Atenolol, Losartan for Marfan Syndrome Compared in Largest Study to Date

A study funded by the National Institutes of Health (NIH) compared treatment with common antihypertensives atenolol and losartan in patients with Marfan syndrome who had an enlarged aortic root.

The Atenolol vs. Losartan in Children and Young Adults with Marfan Syndrome study was a randomized study that enrolled 608 patients aged 6 months to 25 years from 2007–2011 across 21 clinical centers in the United States, Canada, and Belgium. Atenolol is a cardioselective beta-blocker that works by relaxing blood vessels and decreasing heart rate to improve blood flow and blood pressure. Losartan is an angiotensin II receptor blocker that works by improving blood flow and pumping of the heart.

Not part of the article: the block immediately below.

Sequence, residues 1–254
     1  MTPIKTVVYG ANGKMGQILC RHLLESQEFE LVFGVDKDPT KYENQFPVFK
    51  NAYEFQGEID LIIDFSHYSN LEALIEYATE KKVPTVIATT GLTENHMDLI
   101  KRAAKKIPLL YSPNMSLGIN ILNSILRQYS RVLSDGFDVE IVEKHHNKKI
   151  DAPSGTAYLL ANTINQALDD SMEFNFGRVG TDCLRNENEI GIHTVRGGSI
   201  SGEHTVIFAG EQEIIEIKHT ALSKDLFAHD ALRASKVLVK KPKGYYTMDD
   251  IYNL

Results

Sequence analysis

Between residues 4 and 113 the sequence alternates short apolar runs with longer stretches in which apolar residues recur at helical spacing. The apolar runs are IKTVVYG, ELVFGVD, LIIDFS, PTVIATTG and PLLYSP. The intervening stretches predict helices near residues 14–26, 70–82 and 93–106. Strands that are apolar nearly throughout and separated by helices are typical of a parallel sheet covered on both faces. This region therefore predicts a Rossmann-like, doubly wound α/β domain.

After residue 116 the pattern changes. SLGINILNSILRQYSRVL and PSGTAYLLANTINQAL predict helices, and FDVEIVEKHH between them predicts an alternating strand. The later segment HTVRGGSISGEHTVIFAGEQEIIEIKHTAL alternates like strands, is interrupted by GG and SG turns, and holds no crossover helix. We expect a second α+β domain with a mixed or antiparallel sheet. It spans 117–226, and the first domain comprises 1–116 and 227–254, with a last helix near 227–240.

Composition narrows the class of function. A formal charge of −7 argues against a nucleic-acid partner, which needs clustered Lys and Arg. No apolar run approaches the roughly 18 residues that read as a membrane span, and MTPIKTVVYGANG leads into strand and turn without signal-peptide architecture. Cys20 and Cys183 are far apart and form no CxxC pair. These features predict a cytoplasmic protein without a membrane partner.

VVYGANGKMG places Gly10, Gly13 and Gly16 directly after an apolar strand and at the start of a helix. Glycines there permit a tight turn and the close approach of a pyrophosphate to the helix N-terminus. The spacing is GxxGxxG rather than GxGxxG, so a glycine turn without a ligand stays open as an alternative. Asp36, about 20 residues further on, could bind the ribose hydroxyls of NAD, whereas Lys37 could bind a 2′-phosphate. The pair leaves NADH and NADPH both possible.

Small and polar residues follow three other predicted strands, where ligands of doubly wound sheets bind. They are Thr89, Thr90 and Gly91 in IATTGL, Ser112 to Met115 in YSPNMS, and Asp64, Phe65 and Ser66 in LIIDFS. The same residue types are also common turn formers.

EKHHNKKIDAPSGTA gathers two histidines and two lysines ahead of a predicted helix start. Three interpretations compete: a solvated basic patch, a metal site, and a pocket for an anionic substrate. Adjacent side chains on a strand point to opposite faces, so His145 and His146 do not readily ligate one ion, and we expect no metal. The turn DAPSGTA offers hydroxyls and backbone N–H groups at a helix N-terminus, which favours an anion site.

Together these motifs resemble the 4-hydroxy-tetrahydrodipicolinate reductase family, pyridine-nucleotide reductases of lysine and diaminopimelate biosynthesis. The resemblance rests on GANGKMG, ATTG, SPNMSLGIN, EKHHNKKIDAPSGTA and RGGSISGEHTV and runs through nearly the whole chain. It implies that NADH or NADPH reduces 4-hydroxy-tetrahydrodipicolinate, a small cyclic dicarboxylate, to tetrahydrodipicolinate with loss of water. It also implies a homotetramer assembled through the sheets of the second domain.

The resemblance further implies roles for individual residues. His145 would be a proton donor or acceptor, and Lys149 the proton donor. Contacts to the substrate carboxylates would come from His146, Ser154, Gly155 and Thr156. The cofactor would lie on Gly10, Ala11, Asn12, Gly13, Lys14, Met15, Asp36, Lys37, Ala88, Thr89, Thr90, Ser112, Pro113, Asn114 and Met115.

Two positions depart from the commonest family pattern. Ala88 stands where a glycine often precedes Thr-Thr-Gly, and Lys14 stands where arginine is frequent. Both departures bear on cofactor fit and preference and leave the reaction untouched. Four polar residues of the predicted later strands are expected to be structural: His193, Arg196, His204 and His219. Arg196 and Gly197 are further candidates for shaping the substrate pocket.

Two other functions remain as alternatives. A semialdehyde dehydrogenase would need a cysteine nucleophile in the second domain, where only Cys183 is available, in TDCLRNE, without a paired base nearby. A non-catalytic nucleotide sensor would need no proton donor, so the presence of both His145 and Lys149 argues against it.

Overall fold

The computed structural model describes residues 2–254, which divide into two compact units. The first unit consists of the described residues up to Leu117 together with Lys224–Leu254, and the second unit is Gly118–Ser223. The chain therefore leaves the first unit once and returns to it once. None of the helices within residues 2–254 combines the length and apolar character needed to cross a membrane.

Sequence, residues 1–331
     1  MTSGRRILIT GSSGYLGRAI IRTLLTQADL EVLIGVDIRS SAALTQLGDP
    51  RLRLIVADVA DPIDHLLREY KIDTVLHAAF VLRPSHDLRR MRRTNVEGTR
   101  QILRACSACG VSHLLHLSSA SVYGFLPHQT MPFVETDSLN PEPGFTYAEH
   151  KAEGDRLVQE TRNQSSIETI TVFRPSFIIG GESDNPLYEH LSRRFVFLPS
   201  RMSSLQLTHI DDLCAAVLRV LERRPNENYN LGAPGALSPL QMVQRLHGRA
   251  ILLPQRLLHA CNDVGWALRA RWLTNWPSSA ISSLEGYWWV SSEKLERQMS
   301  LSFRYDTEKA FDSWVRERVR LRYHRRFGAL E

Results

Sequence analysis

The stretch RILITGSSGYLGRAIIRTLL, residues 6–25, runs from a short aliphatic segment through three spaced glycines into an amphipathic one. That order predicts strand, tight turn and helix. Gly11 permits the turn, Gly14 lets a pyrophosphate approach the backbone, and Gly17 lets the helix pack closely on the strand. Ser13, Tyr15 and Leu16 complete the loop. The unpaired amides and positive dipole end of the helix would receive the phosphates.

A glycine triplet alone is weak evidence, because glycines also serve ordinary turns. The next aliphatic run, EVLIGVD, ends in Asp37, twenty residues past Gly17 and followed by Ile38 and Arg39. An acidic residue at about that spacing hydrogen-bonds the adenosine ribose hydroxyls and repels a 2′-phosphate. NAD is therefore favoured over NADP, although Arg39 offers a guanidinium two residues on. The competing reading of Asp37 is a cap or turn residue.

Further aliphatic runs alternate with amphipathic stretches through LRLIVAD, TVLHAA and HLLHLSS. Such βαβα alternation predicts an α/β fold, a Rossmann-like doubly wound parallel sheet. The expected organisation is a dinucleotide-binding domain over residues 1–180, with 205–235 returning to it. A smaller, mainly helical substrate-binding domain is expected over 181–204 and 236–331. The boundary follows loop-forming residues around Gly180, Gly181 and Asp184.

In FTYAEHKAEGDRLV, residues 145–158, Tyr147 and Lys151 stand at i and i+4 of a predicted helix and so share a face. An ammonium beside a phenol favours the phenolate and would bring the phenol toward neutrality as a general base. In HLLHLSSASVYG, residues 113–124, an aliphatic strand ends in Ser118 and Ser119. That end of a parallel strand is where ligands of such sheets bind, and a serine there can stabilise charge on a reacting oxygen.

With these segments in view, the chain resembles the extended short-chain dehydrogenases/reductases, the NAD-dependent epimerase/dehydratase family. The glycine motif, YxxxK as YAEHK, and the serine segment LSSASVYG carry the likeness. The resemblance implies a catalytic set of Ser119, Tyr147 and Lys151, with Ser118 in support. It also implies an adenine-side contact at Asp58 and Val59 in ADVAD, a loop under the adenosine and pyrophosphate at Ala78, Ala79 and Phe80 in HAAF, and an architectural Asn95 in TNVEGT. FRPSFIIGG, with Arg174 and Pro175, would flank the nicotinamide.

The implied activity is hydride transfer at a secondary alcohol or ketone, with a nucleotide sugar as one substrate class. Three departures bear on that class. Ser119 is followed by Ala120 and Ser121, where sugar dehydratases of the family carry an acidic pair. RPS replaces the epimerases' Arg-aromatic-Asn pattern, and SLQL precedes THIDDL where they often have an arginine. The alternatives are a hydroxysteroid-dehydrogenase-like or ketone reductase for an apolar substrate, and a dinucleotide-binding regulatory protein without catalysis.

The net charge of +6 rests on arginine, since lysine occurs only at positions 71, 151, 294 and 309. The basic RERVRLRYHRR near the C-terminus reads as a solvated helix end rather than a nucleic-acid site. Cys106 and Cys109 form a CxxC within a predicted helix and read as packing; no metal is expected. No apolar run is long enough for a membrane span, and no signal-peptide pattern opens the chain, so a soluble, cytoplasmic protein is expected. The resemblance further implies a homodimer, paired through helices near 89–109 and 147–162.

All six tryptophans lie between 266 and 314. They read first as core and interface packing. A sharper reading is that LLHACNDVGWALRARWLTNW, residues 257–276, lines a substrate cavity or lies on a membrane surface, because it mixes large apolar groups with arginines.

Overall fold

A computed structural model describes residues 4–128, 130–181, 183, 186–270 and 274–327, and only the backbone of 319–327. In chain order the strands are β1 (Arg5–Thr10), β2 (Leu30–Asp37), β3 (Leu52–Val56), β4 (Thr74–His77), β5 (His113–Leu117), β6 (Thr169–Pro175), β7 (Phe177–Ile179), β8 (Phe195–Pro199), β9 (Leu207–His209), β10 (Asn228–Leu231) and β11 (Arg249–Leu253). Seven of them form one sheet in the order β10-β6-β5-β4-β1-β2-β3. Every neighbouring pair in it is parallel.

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Despite earlier research showing that losartan may be more effective in slowing aortic-root enlargement than atenolol, researchers found

no significant differences in the rate of aortic-root dilation between the two treatment groups over three years in the current study. Younger patients experienced a greater decrease in the severity of aortic-root enlargement over time across both treatment groups. Researchers note that initiating therapy at a younger age and earlier stage of the disease may be beneficial.

For more information visit NIH.gov.

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